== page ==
Take a look at the following chart. All net growth in the national workforce has come from immigration. Between 2012 and 2018, there were 893,000 immigrants added to the workforce across the country while the number born in Canada (net) declined. The number also declined in New Brunswick over the same period but we did not attract even enough immigrants (and others) into the workforce to break even let alone grow as was the case across the country.
What is to be done? This is probably the most significant public policy challenge of our time.
One of the simplest and obvious answers is to grow the young talent pipeline. If there are 22,000 fewer in the pipeline now compared to 20 years ago, why not build it back up?
Which brings me to Kamloops, British Columbia.
I’ve been to Kamloops a couple of times over the years. It’s located about a two hours’ drive northwest of Kelowna and 3.5 hours west of Vancouver. It’s a nice but fairly sleepy city in the BC interior. The urban population is 112,000 which is only about 2.3 percent of the provincial population. In comparative terms it would similar in size to Campbellton in New Brunswick.
Despite its relative isolation and size, in the third quarter of 2018 Kamloops had the distinction of having the most international students per 10,000 population of any urban centre in Canada. According to data published by Immigration, Refugees and Citizenship Canada there were more than 5,000 international students (study permit holders) who were intending to study in Kamloops in 2018-2019.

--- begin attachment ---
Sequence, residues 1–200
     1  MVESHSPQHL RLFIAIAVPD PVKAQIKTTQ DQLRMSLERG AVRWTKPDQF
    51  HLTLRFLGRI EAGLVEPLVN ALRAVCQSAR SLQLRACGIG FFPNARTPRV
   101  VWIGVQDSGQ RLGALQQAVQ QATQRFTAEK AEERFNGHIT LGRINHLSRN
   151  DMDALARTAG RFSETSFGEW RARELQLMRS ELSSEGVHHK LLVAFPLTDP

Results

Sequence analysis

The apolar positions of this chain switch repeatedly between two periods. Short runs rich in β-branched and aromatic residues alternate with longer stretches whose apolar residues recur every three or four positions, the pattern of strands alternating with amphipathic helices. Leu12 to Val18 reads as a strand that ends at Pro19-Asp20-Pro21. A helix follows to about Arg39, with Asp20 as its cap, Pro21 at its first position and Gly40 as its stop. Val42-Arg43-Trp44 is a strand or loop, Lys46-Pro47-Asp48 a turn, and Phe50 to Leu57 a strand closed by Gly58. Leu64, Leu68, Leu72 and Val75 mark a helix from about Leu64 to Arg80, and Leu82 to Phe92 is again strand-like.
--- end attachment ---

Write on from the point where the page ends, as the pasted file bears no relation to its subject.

That was the same amount of international students as Fredericton, Saint John and Moncton combined. Adjusted for population size, Kamloops had 2.6 times as many international students as did Fredericton, three times as many compared to Moncton and six times as many compared to Saint John.
Traditionally it was the largest urban centres that benefitted mostly from international students. Now it is Kamloops. Welcome to 2019.
It’s a pretty simple strategy, if you think about it. We lost 22,000 young people aged 13-22 over the past 20 years. Could we dramatically boost that population again by attracting international students?
According to IRCC data, there were 6,100 people who had permits to study in New Brunswick in the third quarter of 2018. That was up from 4,800 in the same quarter in 2015. Nova Scotia had 16,500 in Q3 2018.